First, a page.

Though Anton wanted to stay with the civilians to keep them safe, he also had competing desires. He wanted to see the executions, and he reasonably should because all of this mess was related to him. Devon had also helped precipitate it. From a practical standpoint, the Order was expecting an attack and those with higher cultivations and those who could fight from a distance were placed where the epicenter of the action would be. As an archer, Anton quite fit that description.
He was still learning Horizon Shot, but his distance had improved. The actual range that it covered… that could wildly vary. Horizon Shot was both about distance as well as shooting at things that couldn’t necessarily be seen, and that meant extending senses to be able to lock on to some sort of energy. While there was no way Anton could properly sense everything at a kilometer from himself, if he focused on just a tiny sliver in one direction he was slightly better than vague forms. He could shoot an arrow that far as well, though that was hardly to the horizon itself. On flat land, the horizon was about five kilometers away. From a proper vantage point it was significantly further, and he was aware Elder Kseniya could shoot much further. At least several tens of kilometers. In that case… he wondered if she could shoot over the border from where they were.
“Which one?” she asked, grinning. “Because let me tell you, that western border is way out of my league. Couldn’t hit much to the north or south either.”
That answered his question pretty well- the borders to the north and south were at least a hundred kilometers away. Not being able to hit anything there pretty much implied she could get an arrow to fly that far, but nothing else. Like he could shoot a Spirit Arrow two kilometers- if he just wanted it to go. Wouldn’t even hit the broad side of a barn though.
Anton looked around, sensing the hundreds of cultivators nearby. It was more people than he’d ever seen so close together at the Order’s main facilities, even. “Can’t believe I’m responsible for all of this.”
“You aren’t,” Elder Kseniya said. “They are,” she gestured, not towards the prisoners but to the east. “The Heavenly Lion Sect and whoever put them up to this. Been pushing the Order more and more. It was time for us to finally show them what we think of that. I could have just made the decision to hand them over, you know? I’m not afraid of telling off our people when we go too far.”
“I think you’re somewhat biased towards me, though.”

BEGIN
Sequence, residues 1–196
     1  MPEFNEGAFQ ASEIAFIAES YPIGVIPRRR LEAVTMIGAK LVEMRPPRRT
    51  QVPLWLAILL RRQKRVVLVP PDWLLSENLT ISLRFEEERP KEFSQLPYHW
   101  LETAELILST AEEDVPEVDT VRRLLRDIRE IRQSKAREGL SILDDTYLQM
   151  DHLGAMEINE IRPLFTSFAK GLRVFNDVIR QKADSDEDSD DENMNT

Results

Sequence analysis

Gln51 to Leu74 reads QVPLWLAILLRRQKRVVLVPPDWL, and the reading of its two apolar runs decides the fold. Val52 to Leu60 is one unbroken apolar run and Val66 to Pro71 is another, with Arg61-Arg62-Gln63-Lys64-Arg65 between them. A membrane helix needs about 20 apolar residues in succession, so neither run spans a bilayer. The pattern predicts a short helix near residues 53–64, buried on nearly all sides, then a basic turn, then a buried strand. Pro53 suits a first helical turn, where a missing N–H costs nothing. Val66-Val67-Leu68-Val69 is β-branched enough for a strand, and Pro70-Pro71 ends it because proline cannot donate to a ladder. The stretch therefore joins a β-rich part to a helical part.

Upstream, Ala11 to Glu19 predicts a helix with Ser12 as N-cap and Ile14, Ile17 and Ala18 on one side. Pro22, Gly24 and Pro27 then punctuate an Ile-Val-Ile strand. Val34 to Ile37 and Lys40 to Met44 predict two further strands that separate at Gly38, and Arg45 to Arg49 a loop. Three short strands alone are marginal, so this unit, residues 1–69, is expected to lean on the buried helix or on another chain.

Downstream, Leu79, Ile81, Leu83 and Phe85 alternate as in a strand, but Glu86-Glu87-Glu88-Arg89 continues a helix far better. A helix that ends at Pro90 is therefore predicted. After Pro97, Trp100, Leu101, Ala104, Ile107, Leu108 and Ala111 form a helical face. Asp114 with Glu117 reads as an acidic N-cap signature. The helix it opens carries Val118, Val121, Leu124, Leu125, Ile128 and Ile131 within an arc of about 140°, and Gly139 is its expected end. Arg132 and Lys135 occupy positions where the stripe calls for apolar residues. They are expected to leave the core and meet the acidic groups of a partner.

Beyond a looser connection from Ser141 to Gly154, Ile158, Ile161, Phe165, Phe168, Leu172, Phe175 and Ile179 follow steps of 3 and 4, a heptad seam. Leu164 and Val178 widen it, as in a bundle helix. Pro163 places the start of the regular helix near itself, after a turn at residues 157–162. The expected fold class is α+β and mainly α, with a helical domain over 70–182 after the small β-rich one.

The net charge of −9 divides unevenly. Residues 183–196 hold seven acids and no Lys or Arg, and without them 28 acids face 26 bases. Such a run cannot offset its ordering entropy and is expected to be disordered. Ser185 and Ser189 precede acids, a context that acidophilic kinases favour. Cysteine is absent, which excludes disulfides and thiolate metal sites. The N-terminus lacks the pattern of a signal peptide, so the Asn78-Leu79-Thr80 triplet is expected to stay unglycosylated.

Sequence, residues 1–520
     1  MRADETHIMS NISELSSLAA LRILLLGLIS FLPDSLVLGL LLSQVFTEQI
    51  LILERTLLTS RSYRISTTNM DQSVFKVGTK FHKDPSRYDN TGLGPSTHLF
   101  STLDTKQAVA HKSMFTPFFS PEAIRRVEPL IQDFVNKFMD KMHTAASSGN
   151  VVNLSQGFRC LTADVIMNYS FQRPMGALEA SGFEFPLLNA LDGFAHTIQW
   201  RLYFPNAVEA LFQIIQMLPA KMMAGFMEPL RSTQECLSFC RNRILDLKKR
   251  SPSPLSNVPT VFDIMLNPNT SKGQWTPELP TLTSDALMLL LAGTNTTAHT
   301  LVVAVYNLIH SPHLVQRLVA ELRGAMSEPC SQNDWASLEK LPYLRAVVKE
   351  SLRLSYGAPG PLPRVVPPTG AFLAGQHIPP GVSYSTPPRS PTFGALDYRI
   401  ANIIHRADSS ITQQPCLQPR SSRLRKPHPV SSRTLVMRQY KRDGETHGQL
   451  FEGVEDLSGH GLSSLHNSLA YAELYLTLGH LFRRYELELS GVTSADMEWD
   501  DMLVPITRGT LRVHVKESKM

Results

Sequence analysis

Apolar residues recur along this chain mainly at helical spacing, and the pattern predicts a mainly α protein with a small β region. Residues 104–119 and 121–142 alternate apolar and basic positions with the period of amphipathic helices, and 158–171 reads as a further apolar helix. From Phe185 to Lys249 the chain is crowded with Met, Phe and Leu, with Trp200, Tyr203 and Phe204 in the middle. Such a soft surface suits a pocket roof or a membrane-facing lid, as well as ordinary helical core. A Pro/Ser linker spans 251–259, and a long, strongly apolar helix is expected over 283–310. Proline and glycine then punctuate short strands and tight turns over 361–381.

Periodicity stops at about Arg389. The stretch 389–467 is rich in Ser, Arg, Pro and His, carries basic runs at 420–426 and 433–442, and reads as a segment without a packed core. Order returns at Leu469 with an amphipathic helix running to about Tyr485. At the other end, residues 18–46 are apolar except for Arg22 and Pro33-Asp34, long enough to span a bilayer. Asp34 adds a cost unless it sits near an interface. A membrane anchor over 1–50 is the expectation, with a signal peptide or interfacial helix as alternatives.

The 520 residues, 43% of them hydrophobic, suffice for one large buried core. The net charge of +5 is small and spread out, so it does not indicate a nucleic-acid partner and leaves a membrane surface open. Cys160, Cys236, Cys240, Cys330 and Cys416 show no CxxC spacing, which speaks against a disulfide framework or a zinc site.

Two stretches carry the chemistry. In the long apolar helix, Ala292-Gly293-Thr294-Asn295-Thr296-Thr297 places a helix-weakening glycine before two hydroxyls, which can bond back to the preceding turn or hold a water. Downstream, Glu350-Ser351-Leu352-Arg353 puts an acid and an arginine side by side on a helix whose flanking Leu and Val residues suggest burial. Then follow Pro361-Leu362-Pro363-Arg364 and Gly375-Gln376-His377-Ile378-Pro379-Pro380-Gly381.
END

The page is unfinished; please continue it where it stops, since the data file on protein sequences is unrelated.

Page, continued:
“Hmm, am I?” she grinned widely, “Because if you were the kind of idiot who caused stuff like this without thinking about it, I certainly wouldn’t be. It’s not like my fondness for you can be separated from how I expect you to act.” She turned her head, eyes focusing. “There they are.” She raised her bow. “One more step and someone will regret it.”
Anton couldn’t see or sense anything, but he knew that buried among the trees at the far edge of his vision were several border checkpoints. That was one of the biggest reasons for choosing the dinky little fort they currently stood in- even with recent reinforcements it was still small. It was atop a significantly sized hill, bringing them well above the landscape surrounding them. There were few who could take advantage of the extreme distance to the same extremes as Elder Kseniya, but it would allow them to intercept any groups moving through the area.
An arrow appeared on Elder Kseniya’s bow, formed from the purest energy Anton had ever seen. Seeing her in training just wasn’t quite the same as active combat- and he’d only seen her fire a handful of shots up close in such situations. “Border’s closed,” she muttered as she shot. Anton did his best to sense what was happening, but the arrow went out of the extreme of his energy senses nearly instantly. His eyes tracked it a bit further until it was too small to make out, before a moment later he saw a tiny point of light as it exploded at the far end. It seemed things had finally started.
Almost as if there wasn’t someone regularly shooting arrows, the proper ceremony for the execution started. If anyone was planning to rescue Zvonko or the others, they were cutting things rather close. Actually… Anton supposed perhaps that was on purpose. Maybe they didn’t want to succeed at saving them. That would require them to have other achievable goals, of course. That could be simply killing as many members of the Order as they could or the random people they might have still presumed were between them and Zvonko. Or they were really late. Though it was quite reasonable for powerful cultivators at least in Essence Collection to traverse the distance from the border in a quarter of an hour. That would expend some energy they might want for battle, however.
Hopefully the Order was fully prepared. There were more things happening that he hadn’t been directly told about- not necessarily secret, but not things that every disciple would hear.
He was unable to sense any individual cultivators at the current distance of the approaching front, around twenty kilometers, but he was just able to make out a group. He might have thought it was just his mind playing tricks on him if he didn’t confirm it with where Elder Kseniya was shooting at a measured pace. He doubted she was actually causing much damage at that distance, not shooting every minute or so- even if sometimes she fired a handful of arrows in quick succession. He could feel that she was only making use of something close to what she could recover, so that she wouldn’t exhaust herself. Though her shooting was becoming more frequent as people approached… and it would likely become harder for people to defend.
“Got one,” Elder Kseniya noted. “Quite a pain, really. There are a few fellows who are making things difficult. They’re quite serious about this, it seems.” She pulled a physical arrow out of a quiver. It was black and covered in thorns similar to that of a rose. “But so are we.” The arrow streaked off into the distance with no visual effect wherever it arrived- but Anton felt a sudden shifting of energy on the other end. He couldn’t tell the effects just yet, but there was bound to be something significant, because Elder Kseniya smiled.